A Chinese man who was wanted by police for “economic crimes” was arrested at a music concert in China after facial recognition technology spotted him inside the venue.
The man was attending a concert by Hong Kong singer Jacky Cheung in the Nanchang, Jiangxi province when security cameras recognized him. According to the South China Morning Post, the man, only identified by family name Ao, was shocked when police approached him. Ao had driven 56 miles with his wife to attend the concert, telling authorities he felt safe in the crowd, estimated to be over 50,000, and that he would have never gone if he thought there was a chance he would be identified. “Ao was suspected to be involved in an economic crime and was listed on a national online system,” police officer Li Jin said. “He was very shocked and had a blank face when we caught him.”
This isn’t the first time China’s facial recognition technology has caught criminals at public events. Last year, 25 wanted individuals were arrested at a beer festival when cameras at entrances flagged the subjects’ faces. Police in Zhengzhou are also testing glasses with built-in facial recognition at select train stations, and they say it’s already helped to capture seven suspects wanted in major cases, as well as 26 individuals traveling under false identities. The tech is also being utilized in more innocuous ways, like paying for orders at a KFC in Hangzhou.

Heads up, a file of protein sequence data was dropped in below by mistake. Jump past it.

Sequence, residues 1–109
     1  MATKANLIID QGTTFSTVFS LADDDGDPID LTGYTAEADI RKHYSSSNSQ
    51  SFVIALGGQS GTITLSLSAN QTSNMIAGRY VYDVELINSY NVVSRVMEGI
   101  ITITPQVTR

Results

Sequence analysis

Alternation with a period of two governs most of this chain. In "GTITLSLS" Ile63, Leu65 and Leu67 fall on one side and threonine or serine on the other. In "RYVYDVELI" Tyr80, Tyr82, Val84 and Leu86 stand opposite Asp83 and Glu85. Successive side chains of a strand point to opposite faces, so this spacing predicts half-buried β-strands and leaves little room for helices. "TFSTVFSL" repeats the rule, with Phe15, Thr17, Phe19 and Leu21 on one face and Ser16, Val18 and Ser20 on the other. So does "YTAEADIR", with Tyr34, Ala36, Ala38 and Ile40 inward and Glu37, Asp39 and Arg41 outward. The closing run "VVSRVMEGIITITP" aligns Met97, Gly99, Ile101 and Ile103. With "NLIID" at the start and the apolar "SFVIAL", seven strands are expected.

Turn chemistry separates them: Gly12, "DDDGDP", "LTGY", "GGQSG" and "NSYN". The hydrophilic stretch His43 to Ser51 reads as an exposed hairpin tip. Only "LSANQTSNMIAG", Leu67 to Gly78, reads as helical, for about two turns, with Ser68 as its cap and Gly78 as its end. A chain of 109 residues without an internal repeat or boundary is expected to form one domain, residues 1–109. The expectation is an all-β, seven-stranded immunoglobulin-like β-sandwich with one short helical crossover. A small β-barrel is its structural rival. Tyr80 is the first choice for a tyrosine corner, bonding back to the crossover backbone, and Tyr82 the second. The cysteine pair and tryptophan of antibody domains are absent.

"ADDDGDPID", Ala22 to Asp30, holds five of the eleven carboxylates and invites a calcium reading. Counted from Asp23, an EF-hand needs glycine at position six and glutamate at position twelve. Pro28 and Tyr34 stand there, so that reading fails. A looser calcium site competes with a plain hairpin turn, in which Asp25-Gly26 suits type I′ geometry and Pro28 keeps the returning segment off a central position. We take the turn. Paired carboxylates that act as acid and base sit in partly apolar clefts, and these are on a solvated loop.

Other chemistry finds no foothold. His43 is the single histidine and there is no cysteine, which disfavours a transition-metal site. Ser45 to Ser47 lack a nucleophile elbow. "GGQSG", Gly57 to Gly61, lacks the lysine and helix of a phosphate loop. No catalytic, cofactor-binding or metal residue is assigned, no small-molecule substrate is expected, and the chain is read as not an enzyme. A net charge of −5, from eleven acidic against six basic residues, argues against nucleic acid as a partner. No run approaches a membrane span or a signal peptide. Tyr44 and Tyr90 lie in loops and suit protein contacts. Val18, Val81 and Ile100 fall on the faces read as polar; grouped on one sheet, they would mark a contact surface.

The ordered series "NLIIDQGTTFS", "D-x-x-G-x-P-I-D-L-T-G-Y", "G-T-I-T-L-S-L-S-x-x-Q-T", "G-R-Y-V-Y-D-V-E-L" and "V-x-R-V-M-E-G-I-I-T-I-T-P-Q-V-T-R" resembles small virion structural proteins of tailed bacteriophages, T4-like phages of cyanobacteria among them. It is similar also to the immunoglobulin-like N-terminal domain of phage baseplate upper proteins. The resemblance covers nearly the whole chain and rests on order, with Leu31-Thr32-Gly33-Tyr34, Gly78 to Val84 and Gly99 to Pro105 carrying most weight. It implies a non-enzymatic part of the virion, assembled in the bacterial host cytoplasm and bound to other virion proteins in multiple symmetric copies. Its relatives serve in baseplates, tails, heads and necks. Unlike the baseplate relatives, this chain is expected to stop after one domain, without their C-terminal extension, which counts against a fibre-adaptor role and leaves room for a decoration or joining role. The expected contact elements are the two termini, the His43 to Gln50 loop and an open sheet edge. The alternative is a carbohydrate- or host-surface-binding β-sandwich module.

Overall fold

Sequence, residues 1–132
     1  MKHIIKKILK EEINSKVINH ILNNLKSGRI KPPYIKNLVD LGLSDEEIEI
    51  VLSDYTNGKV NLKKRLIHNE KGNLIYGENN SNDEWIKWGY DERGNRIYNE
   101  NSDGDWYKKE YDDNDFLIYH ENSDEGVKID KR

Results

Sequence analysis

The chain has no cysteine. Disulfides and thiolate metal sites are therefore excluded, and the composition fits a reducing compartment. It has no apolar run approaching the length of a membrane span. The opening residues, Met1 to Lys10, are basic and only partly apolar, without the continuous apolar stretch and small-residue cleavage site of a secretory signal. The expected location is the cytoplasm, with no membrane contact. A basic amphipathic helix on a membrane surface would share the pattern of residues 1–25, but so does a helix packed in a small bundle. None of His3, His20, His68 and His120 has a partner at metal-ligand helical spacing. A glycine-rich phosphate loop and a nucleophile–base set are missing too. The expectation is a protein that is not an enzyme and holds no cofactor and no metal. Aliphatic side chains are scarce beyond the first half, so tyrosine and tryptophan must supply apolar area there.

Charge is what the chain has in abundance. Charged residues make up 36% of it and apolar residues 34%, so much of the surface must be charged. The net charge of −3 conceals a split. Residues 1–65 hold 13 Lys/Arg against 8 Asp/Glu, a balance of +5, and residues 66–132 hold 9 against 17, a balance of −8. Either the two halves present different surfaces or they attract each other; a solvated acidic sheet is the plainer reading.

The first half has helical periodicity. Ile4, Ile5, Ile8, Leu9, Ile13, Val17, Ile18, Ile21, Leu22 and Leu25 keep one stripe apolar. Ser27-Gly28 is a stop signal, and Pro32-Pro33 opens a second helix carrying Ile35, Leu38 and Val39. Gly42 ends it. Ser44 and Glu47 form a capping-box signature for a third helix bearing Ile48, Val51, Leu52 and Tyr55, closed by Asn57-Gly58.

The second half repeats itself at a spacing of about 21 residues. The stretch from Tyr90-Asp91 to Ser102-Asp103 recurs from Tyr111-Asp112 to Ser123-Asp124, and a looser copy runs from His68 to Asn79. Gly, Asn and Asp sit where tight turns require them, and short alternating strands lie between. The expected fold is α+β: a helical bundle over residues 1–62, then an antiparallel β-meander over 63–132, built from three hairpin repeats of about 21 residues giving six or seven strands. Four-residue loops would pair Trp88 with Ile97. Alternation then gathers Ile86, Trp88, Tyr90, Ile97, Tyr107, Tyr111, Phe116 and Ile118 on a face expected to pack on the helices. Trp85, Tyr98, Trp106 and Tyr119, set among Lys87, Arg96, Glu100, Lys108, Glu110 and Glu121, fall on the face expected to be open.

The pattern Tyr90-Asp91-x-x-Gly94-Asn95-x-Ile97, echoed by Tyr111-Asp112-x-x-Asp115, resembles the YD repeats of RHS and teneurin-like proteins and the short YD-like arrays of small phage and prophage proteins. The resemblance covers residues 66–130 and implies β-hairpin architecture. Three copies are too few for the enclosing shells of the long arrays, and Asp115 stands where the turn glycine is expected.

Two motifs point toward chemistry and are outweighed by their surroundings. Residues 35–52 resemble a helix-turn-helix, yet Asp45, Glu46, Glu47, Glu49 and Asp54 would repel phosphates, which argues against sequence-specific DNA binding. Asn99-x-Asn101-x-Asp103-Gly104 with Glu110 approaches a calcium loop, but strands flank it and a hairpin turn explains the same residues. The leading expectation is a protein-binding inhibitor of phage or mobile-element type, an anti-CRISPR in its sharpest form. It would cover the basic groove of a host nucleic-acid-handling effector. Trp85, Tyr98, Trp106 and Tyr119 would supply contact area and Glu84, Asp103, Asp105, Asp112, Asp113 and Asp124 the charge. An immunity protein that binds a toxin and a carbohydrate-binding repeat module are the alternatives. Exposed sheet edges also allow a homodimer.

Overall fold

China has ramped up tracking technologies in recent years, becoming a burgeoning tech-surveillance state. One estimate suggests the country will have more than 600 million CCTV cameras by 2020, and the country is instituting a “social credit” system beginning in May that will dock low-ranking citizens in ways like banning them from buying plane or train tickets for up to a year.